Thank you for your interest in submitting an abstract for a poster presentation at the 2019 AACN Conference! Please use this form to provide all of the needed data. Required fields have an asterisk (*) next to them. After clicking on the Submit button, you will receive an automatic email confirmation that your submission was received.
The abstract submission portal will remain open until Thursday, January 31, 2019 at 11:59 p.m. Pacific Standard Time. No submissions will be accepted after that date.
Please read and heed all instructions before submitting an abstract. You will note the 200 word limit for your abstract. In addition to this limitation, please note the following instructions regarding your submissions:
- Only indicate the abstract as a student abstract if the student (or fellow) is a FIRST author.
- Submissions must include actual data, not data you plan to collect. Case studies are of course appropriate, but only when there is a clear contribution to knowledge base in the field from the standpoint of a rare condition or atypical case.
- Please refer to the below posted example abstract regarding style issues including the use of capitalization and acronyms in the title. Acronyms are acceptable in the text of the abstract. Some acronyms of more universally recognized assessment measures, procedures or disorders are okay to use in the title. The following list of measures, disorders, and procedures are the only ones that should be presented as acronyms in the title: all versions of WAIS, WMS, CVLT, MMPI, and HIV, TBI, PTSD, MRI, CT. In the text they should still be spelled out fully for first use. It is acceptable to spell these out if you prefer, but please DO NOT assume acronyms with which you are familiar are universally understood. All others should be spelled out both in the title and the first time they are used in the text.
- Please refrain from using section headers in the abstract (e.g., Methods, Results, etc.).
- Do not include credentials in the listing of authors. Do not list author names in the body of the abstract.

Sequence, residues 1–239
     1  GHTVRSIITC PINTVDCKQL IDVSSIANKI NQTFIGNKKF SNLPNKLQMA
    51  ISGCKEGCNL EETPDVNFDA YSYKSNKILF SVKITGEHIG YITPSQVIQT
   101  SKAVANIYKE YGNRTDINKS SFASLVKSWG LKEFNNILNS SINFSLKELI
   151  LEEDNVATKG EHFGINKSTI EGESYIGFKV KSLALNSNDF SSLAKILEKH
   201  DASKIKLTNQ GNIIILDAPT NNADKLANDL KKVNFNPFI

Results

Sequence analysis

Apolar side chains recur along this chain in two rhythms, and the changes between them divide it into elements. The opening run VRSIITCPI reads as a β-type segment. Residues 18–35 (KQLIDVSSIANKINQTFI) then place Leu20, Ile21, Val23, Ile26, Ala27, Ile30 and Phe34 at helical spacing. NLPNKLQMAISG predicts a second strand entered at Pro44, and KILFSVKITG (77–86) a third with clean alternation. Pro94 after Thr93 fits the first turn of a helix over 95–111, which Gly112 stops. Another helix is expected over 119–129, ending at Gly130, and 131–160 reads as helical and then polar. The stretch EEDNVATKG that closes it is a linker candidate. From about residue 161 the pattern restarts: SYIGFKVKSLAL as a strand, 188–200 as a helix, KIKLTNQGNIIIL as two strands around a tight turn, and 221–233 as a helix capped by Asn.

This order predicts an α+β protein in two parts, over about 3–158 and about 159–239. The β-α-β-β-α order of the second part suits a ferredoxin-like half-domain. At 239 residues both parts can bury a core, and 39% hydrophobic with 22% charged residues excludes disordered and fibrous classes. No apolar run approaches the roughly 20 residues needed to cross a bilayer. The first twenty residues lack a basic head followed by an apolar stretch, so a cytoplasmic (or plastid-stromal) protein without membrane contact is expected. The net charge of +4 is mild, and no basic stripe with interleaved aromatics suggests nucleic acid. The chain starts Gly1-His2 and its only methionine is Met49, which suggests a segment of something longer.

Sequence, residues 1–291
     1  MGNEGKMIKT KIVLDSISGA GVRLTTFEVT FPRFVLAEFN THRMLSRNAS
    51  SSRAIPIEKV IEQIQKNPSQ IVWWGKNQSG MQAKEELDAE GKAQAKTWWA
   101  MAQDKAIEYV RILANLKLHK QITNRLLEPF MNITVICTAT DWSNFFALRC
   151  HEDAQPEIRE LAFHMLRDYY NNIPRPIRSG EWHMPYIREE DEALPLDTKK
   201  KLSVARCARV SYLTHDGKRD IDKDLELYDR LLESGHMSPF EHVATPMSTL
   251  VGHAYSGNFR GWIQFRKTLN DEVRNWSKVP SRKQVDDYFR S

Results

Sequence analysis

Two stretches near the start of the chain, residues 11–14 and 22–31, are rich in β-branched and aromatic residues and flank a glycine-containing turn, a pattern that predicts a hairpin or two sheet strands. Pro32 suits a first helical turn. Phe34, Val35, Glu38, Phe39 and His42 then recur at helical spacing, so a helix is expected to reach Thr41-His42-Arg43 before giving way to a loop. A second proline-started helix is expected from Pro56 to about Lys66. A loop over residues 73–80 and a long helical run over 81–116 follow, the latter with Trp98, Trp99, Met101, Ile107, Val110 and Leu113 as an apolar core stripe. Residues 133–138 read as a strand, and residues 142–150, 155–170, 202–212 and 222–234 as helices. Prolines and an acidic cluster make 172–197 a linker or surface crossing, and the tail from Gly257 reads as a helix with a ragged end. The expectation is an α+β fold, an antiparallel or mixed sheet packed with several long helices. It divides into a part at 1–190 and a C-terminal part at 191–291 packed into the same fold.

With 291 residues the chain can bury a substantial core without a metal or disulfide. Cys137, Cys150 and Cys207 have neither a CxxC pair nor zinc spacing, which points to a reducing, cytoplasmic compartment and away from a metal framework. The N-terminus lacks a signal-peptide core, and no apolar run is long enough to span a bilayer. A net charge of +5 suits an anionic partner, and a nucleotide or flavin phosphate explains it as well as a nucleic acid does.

- Do not submit the same abstract twice – if you are unsure as to whether your submission went through, please wait it out then contact us directly if you remain unsure after 1-2 hours. Also, please check your spam/junkmail folder for the verification email.
- Students and Fellows are strongly encouraged to solicit proofreading from mentor or faculty to address brevity, clarity, and style consistency. Doing so will improve likelihood of acceptance and prevent the need for editorial changes to your abstract.
The Utility of the Test of Memory Malingering in Patients with Dementia
The Test of Memory Malingering (TOMM) is one of the most well studied and frequently used symptom validity tests. However, few investigations have been conducted concerning its applicability in a dementia population. From these studies, conflicting data has emerged and its utility is unclear. The purpose of the present evaluation was to elucidate the role of the TOMM in evaluations of patients with dementia. The files of 21 patients diagnosed with dementia using the DSM-IV-TR criteria referred for neuropsychological evaluation were examined. Neurocognitive data included the Wechsler Test of Adult Reading (WTAR), the Repeatable Battery for the Assessment of Neuropsychological Status (RBANS) and the TOMM. The combined sample IQ was within the average range (WTAR predicted mean FSIQ=104.24, SD=13.67). The sample demonstrated overall mild impairment as assessed by the RBANS Total Index Score (mean=78.29, SD=17.920). TOMM performance was as follows: Trial 1 (mean=43.90, SD=7.20), Trial 2 (mean=47.57, SD=5.52), and Retention Trial (mean=31.50, SD=12.02). All trials of the TOMM correlated significantly with the RBANS Total Index (T1 r=0.72, T2 r=0.68, Retention r=1.00). Overall, results suggest that in individuals with more advanced dementia, the TOMM is likely not an appropriate measure of effort using the traditional cutoff of 45.